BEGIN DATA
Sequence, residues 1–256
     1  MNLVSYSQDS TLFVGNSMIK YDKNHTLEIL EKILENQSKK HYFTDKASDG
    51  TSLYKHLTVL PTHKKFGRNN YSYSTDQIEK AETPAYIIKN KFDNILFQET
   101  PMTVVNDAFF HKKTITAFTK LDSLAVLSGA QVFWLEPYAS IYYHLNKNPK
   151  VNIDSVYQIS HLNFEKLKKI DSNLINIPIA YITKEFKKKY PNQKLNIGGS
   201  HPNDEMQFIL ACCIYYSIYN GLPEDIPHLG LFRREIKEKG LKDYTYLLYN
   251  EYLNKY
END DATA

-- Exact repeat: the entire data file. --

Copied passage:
Sequence, residues 1–256
     1  MNLVSYSQDS TLFVGNSMIK YDKNHTLEIL EKILENQSKK HYFTDKASDG
    51  TSLYKHLTVL PTHKKFGRNN YSYSTDQIEK AETPAYIIKN KFDNILFQET
   101  PMTVVNDAFF HKKTITAFTK LDSLAVLSGA QVFWLEPYAS IYYHLNKNPK
   151  VNIDSVYQIS HLNFEKLKKI DSNLINIPIA YITKEFKKKY PNQKLNIGGS
   201  HPNDEMQFIL ACCIYYSIYN GLPEDIPHLG LFRREIKEKG LKDYTYLLYN
   251  EYLNKY